I couldn’t find this anywhere online so I figured it out myself. You can run the below script to get all of the defined word breakers for a given language. That is, the characters that will be considered a word separator by the full text search engine.
To figure it out, I loop through the first thousand unicode characters, create a string by appending a character in front and behind, and then pass it to the parser engine with sys.dm_fts_parser. If two results are returned, the character broke the word, if one, it didn’t.
You could change the language by updating the 1033 parameter to whatever you need it to be.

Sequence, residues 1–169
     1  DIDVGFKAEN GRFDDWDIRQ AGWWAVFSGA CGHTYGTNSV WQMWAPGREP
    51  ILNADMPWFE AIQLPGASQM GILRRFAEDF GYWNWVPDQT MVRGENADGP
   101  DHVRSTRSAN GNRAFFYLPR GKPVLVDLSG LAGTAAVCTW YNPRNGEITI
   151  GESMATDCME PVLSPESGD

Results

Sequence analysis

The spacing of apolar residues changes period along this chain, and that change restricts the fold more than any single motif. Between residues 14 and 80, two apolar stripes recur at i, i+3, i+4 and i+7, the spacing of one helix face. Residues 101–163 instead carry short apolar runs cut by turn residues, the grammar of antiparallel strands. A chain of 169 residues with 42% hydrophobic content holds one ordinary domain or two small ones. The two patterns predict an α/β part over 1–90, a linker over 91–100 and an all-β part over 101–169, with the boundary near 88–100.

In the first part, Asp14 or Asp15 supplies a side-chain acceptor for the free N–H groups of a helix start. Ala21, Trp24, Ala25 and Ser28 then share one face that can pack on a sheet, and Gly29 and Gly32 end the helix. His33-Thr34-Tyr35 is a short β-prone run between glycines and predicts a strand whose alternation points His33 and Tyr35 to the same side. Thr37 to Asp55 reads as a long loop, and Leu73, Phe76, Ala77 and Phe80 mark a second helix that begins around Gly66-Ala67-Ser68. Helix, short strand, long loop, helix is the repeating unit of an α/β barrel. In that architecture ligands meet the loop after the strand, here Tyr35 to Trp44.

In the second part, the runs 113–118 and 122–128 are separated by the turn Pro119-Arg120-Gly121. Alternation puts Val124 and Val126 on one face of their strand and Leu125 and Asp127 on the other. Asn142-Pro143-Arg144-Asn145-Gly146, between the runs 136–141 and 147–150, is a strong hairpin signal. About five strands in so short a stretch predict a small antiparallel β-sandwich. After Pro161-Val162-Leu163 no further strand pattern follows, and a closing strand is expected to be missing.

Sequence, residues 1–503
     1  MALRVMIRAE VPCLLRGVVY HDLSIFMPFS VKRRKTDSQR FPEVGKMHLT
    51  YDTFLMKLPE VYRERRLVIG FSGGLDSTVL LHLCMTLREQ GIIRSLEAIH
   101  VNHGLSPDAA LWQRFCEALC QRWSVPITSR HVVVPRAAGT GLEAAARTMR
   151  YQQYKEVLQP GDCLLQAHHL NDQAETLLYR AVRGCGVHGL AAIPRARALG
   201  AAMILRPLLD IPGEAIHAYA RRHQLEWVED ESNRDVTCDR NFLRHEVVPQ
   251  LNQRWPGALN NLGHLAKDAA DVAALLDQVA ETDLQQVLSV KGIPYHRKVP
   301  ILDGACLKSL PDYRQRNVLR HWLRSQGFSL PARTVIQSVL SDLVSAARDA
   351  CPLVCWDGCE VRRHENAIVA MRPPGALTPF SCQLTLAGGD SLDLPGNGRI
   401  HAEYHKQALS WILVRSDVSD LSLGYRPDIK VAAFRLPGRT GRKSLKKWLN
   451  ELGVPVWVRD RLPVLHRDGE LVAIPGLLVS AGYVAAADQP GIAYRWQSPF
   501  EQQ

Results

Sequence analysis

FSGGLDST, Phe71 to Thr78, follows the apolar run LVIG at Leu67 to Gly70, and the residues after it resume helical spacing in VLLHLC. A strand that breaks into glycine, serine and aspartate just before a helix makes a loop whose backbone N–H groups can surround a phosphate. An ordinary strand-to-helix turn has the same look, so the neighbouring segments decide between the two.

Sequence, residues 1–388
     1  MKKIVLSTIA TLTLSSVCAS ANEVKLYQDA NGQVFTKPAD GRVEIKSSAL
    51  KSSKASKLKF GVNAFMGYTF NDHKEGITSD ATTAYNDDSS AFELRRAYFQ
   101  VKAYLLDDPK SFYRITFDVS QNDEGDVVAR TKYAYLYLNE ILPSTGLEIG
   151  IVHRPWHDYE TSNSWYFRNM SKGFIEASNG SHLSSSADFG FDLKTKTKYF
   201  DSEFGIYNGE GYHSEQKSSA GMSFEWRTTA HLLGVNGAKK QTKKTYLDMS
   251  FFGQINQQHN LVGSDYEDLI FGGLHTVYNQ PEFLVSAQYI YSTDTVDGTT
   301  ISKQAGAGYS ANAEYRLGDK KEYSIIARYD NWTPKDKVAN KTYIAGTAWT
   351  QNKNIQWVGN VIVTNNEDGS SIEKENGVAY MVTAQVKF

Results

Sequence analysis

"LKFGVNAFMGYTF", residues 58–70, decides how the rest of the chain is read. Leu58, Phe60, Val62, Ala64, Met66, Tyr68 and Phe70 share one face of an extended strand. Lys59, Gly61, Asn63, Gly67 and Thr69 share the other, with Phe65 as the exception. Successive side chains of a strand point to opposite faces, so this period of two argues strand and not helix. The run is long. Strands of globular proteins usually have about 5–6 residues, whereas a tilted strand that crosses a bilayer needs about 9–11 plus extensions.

--unicode goes from 0 to 65535 --most used values < 1000 --can get the unicode value of a char with function UNICODE('x') -- get the char from an int with NCHAR(x) DECLARE @results TABLE(Breaker nchar, IntValue int) DECLARE @i int; SET @i = 0; WHILE @i < 1000 BEGIN DECLARE @sql NVARCHAR(600); SET @sql = 'a' + NCHAR(@i) + 'b'; DECLARE @ret int; -- 1033 = english, first zero = system stoplist, second zero = no accent sensitivity Select @ret = count(*) from sys.dm_fts_parser(@sql,1033,0,0) if @ret > 1 BEGIN INSERT INTO @results (Breaker, INtValue) values (NCHAR(@i), @i); END SET @i = @i + 1 END SELECT distinct Breaker from @results;